Why Does America Lose Its Head Over ‘Terror’ But Ignore Its Daily Gun Deaths?

The marathon bombs triggered a reaction that is at odds with last week’s inertia over arms control.

Source: From the Guardian, via RSN

Author: Michael Cohen

“The thriving metropolis of Boston was turned into a ghost town on Friday. Nearly a million Bostonians were asked to stay in their homes – and willingly complied. Schools were closed; business shuttered; trains, subways and roads were empty; usually busy streets eerily resembled a post-apocalyptic movie set; even baseball games and cultural events were cancelled – all in response to a 19-year-old fugitive, who was on foot and clearly identified by the news media.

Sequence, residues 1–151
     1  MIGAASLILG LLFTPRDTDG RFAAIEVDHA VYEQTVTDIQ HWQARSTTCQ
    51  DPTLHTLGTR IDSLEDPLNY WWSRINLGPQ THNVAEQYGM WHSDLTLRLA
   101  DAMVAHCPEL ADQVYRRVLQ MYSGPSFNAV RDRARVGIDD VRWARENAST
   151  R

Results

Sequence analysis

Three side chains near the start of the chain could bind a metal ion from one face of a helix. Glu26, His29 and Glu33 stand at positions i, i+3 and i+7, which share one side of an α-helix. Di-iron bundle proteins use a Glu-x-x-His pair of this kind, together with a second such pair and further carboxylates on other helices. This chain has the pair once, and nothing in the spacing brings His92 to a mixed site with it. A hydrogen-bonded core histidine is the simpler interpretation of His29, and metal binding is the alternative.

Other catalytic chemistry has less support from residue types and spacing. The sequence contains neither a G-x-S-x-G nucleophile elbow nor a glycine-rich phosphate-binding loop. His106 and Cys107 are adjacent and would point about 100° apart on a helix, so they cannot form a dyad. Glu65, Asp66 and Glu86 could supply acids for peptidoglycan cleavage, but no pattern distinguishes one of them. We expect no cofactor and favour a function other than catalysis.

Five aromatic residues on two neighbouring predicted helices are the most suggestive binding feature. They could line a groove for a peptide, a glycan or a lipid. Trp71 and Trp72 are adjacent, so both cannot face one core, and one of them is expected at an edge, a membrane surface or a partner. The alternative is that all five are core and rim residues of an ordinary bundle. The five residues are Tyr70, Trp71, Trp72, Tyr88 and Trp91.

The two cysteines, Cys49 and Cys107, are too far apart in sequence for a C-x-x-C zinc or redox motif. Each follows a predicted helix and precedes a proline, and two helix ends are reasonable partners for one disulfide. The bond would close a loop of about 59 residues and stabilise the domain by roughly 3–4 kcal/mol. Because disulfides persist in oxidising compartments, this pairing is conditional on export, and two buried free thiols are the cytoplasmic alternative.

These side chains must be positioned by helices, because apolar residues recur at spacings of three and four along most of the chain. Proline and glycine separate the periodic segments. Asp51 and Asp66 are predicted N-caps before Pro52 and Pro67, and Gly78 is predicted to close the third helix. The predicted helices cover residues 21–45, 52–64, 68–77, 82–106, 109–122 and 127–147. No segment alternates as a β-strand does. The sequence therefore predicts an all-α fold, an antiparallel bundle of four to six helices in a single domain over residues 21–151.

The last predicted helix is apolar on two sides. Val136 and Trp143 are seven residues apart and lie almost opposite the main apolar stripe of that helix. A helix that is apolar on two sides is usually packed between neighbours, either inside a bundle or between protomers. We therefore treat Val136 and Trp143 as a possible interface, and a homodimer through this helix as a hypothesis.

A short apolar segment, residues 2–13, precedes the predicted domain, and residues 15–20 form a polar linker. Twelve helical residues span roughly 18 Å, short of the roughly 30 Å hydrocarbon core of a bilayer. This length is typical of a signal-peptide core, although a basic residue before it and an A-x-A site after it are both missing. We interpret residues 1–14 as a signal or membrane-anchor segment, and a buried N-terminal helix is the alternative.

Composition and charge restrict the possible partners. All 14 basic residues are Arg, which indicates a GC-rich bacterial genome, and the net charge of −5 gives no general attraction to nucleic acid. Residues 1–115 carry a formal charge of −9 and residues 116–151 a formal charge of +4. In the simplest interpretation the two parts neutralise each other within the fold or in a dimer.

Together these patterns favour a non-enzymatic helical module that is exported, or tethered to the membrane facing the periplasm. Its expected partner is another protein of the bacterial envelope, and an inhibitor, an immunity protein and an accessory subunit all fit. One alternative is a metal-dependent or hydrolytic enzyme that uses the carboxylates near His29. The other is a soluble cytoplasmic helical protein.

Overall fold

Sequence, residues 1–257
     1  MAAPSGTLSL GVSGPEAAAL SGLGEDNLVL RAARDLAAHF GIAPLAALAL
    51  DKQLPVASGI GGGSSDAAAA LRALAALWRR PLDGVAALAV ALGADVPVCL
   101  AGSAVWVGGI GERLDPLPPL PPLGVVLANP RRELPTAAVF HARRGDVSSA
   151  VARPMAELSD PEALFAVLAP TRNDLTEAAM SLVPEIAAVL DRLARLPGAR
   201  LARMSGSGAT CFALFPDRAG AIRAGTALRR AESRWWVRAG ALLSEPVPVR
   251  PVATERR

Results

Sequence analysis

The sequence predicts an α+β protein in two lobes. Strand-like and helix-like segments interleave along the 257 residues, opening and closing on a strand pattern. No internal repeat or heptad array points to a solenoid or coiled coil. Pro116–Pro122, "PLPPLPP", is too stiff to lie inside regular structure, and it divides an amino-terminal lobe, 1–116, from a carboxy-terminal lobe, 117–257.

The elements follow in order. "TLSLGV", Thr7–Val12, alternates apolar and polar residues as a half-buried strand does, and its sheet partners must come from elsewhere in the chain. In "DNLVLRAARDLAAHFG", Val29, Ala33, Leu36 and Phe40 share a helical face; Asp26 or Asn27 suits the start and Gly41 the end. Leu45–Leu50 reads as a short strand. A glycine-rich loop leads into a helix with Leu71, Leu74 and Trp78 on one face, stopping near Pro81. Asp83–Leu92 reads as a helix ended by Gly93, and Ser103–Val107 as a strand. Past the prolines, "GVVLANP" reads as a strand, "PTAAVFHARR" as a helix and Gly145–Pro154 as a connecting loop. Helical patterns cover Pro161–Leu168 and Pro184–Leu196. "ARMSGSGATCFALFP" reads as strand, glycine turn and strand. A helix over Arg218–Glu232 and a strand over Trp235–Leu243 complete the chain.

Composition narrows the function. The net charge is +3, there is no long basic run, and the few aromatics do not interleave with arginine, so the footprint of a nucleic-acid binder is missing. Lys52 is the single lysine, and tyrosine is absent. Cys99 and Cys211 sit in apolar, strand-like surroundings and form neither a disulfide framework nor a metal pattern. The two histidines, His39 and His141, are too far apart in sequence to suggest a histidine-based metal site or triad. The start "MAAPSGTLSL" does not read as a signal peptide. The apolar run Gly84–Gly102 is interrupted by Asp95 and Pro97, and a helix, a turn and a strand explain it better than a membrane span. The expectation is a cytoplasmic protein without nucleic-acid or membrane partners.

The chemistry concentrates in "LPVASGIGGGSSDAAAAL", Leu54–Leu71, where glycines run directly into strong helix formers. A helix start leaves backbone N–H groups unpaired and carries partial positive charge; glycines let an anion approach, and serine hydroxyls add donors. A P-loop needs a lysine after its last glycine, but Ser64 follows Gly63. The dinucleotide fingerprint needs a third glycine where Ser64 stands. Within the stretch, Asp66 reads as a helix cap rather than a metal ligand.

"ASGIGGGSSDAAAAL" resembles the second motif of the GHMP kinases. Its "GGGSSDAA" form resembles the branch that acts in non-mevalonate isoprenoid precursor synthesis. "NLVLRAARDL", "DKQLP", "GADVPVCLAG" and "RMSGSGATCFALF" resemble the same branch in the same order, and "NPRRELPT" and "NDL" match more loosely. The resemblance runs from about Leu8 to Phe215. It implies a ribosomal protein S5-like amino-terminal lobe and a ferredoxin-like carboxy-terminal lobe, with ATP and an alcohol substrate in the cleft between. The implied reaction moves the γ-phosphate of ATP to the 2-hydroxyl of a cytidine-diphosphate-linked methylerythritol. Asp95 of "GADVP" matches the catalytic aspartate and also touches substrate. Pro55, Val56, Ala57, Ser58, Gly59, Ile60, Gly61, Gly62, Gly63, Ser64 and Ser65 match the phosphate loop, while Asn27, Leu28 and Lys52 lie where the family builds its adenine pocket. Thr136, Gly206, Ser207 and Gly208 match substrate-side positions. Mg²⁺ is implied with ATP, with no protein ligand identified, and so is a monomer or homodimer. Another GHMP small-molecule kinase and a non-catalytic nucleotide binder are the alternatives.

The actions allegedly committed by the Boston marathon bomber, Dzhokhar Tsarnaev and his brother, Tamerlan, were heinous. Four people dead and more than 100 wounded, some with shredded and amputated limbs.

But Londoners, who endured IRA terror for years, might be forgiven for thinking that America over-reacted just a tad to the goings-on in Boston. They’re right – and then some. What we saw was a collective freak-out like few that we’ve seen previously in the United States. It was yet another depressing reminder that more than 11 years after 9/11 Americans still allow themselves to be easily and willingly cowed by the “threat” of terrorism.